Bit of a debate as I had a chat with a couple of Fulham fans yesterday morning. Which of our next two games is the bigger? Obviously, an FA Cup quarter final against Tottenham is pretty big, especially with the chance of an exceedingly rare trip to Wembley dangled right in front of us on Saturday night? But everyone seems to be looking forward to Thursday night in Turin, when ‘little old Fulham’ (copyright ITV4) take on the mighty Juventus in the last sixteen of the Europa League.
Roy Hodgson has said he’s now going to be targeting the Cups, particularly after another hard-earned point at Sunderland took Fulham closer to Premier League safety. Even though the Whites reached the FA Cup quarter finals last year and generally don’t have too bad a record in the competition since returning to the top flight, an excursion to the latter stages of the world’s oldest club Cup still seems exhilirating. Of course, everybody will be avoid to avoid the stage fright that seemed to afflict Fulham at this stage last season: fading alarmingly after a bright start to be humbled 4-0 by Manchester United.
I was surprised to read earlier of Tottenham’s poor recent record at Craven Cottage. Their last nine visits have brought only one win, although that was a real thumping at a similar stage of the FA Cup. You do get the sense that these Spurs are something of a different proposition to the teams managed by Jacques Santini, Martin Jol or Juande Ramos. Harry Redknapp has set Tottenham on course to be more consistent challengers for a Champions’ League spot than any of his predecessors whilst still playing the kind of pretty football that the White Hart Lane punters demand.
There’s no doubt Tottenham will be a tricky proposition. They disposed of us quite comfortably at the Lane back in January and, with our patchy away record, the last thing the pessismistic Fulham fan will fancy is a replay. Games at the Cottage are generally close, though, and – had it not been for a string of fine saves from the much-mocked Huruelho Gomes – then Hodgson’s side would have picked up three points rather than just one on Boxing Day. The key to stopping Spurs will be getting to their creative players in midfield, the likes of Krancjar and Modric, who can kill you if they are allowed too much time and space in which to operate.
Another thing operating in Fulham’s favour is the packed nature of the Tottenham treatment room. Things might not be as bad as when a virus struck down the Spurs squad before last weekend’s game against Everton but Redknapp will still be missing a few key players. Aaron Lennon, the tricky winger who at last looks like he’s found a final ball to match that blistering pace, is expected to be out for the next six weeks or so, and midfield seems to be where most of the problems are. Tom Huddlestone has been ruled out after coming off against the Toffees, whilst Jermaine Jenas has just undergone an operation on his groin, so just who will partner Wilson Palacios, presuming the Honduran is picked as he’s a booking away from a suspension, remains to be seen. Redknapp’s mood will hardly have been improved by seeing Gareth Bale limp off for Wales on Wednesday night with an ankle problem that was immediately being treated with an icepack. The youngster’s absence, considering the manner in which he tore through Fulham earlier this year, would be a real tonic for Hodgson’s side.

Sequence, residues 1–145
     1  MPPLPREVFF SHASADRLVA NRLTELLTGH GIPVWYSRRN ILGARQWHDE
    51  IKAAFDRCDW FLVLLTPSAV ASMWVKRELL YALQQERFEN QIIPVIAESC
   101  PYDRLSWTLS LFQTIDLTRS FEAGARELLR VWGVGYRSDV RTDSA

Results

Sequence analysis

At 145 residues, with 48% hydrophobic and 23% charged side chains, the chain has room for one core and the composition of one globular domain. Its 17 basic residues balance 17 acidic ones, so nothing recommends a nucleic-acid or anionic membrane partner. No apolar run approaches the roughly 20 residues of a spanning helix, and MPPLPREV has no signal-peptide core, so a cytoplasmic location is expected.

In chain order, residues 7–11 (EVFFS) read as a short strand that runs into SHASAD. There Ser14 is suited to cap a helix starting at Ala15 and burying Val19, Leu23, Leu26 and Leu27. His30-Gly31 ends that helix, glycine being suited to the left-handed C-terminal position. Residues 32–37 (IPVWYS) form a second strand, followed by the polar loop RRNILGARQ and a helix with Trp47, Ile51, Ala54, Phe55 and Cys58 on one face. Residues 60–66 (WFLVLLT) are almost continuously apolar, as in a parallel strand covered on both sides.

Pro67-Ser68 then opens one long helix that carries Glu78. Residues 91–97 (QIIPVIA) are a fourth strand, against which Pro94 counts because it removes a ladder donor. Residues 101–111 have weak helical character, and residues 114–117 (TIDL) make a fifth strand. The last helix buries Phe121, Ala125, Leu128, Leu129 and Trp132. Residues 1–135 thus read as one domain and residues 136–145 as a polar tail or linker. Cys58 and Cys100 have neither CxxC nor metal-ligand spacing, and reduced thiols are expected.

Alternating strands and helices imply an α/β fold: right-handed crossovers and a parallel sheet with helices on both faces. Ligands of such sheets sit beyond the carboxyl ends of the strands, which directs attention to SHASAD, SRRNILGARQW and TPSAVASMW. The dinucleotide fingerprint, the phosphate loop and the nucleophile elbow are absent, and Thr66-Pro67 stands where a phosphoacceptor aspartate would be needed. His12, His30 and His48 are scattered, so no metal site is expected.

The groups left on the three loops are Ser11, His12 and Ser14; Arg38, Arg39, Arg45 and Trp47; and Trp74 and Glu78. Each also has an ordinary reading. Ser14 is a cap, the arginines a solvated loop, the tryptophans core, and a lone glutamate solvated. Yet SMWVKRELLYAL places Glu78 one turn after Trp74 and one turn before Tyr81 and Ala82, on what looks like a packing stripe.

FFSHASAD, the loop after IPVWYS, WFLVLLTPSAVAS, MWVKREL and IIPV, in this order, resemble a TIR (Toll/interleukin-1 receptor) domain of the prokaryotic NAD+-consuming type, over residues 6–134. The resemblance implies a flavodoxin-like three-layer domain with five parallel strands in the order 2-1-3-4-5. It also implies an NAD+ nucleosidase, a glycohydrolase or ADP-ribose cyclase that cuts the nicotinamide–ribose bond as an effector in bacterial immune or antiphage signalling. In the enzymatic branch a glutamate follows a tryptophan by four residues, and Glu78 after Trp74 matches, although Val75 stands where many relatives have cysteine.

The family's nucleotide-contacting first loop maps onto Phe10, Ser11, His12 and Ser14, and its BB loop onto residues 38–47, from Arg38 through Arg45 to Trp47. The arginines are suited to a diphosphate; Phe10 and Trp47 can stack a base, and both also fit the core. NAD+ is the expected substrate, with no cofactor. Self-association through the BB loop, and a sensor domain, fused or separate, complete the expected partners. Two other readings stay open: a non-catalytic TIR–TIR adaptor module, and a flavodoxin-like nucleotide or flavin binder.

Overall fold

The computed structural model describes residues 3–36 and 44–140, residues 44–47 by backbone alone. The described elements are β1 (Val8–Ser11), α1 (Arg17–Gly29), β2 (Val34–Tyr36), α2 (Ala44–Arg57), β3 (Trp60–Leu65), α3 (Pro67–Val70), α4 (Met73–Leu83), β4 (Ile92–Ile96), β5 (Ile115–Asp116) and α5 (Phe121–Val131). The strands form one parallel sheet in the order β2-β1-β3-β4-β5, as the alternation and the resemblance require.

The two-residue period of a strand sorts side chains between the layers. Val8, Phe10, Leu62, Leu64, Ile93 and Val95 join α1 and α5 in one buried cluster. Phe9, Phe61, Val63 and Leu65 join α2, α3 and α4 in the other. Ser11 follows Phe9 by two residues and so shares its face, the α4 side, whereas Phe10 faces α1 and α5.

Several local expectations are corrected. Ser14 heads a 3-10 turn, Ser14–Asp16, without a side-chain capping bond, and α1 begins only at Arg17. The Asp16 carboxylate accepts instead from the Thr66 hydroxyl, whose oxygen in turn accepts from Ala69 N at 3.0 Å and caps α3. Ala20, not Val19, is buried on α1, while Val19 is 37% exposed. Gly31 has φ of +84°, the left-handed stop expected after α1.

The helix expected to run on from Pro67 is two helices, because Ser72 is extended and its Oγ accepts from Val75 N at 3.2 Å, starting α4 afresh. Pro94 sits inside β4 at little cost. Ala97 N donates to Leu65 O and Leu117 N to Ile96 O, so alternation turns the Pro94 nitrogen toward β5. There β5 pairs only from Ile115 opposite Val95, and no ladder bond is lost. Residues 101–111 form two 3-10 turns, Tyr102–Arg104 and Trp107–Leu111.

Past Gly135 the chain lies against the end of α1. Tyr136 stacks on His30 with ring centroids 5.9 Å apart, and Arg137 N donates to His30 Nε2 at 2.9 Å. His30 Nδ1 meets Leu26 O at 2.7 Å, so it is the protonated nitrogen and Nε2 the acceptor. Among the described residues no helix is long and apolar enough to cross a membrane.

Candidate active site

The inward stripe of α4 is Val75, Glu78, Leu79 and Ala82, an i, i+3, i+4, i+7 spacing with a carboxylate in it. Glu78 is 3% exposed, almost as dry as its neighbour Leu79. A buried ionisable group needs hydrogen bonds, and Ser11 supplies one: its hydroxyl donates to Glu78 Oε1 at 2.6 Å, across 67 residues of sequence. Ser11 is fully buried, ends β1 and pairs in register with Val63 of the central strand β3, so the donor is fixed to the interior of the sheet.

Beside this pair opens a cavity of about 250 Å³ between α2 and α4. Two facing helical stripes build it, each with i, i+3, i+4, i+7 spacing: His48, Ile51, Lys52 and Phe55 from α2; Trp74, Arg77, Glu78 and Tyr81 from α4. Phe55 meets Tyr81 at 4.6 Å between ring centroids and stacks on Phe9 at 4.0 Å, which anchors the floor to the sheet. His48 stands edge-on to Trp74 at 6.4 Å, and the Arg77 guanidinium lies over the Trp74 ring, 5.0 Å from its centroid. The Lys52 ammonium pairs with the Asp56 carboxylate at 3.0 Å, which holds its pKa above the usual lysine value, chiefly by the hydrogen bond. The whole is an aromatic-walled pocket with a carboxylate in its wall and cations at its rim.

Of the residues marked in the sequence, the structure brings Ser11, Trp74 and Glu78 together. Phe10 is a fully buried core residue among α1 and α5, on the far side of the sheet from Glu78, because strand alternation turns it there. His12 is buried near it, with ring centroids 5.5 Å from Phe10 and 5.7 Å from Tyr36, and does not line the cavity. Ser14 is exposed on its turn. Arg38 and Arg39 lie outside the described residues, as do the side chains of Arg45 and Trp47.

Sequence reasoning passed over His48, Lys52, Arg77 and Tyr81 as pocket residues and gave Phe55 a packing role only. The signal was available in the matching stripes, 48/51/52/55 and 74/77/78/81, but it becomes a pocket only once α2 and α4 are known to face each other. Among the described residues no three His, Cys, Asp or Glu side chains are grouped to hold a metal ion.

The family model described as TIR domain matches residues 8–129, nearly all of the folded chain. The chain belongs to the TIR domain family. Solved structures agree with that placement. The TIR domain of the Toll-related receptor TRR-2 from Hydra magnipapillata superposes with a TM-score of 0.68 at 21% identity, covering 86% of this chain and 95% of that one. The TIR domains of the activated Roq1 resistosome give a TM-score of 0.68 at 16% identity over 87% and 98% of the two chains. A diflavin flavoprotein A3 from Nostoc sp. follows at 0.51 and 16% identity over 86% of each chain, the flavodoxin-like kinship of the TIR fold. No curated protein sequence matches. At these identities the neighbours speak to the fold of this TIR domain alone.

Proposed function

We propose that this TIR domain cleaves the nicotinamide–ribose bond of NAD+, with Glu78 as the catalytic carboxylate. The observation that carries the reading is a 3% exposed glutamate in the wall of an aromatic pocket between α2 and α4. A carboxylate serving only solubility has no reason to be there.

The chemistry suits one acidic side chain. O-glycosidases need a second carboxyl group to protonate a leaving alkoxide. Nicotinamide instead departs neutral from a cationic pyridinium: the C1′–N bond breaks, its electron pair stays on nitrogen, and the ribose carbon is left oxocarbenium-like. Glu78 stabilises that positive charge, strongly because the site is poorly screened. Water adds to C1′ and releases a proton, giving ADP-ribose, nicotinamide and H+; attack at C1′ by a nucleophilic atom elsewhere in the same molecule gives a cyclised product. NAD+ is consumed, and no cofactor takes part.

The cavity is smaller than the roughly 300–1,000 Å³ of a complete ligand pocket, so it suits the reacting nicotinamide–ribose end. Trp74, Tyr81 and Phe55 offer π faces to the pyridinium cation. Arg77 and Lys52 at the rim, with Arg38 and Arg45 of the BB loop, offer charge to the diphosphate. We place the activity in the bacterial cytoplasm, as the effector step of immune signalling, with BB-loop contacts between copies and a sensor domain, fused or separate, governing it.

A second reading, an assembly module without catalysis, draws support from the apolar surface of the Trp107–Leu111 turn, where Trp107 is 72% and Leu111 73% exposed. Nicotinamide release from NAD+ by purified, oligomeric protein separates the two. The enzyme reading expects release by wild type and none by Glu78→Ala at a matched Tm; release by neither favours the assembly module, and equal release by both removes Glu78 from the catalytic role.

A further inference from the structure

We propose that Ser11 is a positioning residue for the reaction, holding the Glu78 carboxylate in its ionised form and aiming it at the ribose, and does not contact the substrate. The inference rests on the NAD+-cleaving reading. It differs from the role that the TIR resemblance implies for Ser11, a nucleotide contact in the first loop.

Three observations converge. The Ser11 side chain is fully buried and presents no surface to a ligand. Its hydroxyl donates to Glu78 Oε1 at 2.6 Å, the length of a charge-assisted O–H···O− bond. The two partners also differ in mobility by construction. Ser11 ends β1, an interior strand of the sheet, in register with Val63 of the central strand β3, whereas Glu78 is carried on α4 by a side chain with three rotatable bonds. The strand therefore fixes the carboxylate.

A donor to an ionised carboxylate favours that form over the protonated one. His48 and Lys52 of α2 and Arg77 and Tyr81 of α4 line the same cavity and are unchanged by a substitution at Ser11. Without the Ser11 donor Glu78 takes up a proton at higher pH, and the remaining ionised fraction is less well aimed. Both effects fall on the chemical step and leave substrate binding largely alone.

You wouldn’t expect Hodgson to change too much from the side that lined up at Sunderland. The fatigue from Donetsk will be well out of their system and most of that eleven have had a week’s worth of rest. There have been no reported injuries picked up by those on international duty and consistency in selection has been something that has helped produce the dizzying success that Fulham have enjoyed over the last couple of seasons. Paul Konchesky completed 70 minutes for the reserves on Tuesday, but it would be a big surprise if the left back replaced the in-form Nicky Shorey come Saturday evening.
Fulham have produced some impressive performances at the Cottage this season. Manchester United, Liverpool and Shakhtar have all been beaten largely by the tempo at which the Whites played. The speed of our football will be key as will the ability of players and fans alike to remain patient. Long-suffering Fulham fans will know that chances like this don’t come along too often: it’s up to us to take it.
MY FULHAM XI (4-4-1-1): Schwarzer; Baird, Shorey, Hughes, Hangeland; Etuhu, Murphy, Duff, Davies; Gera; Zamora. Subs: Zuberbuhler, Smalling, Kelly, Greening, Riise, Okaka, Elm.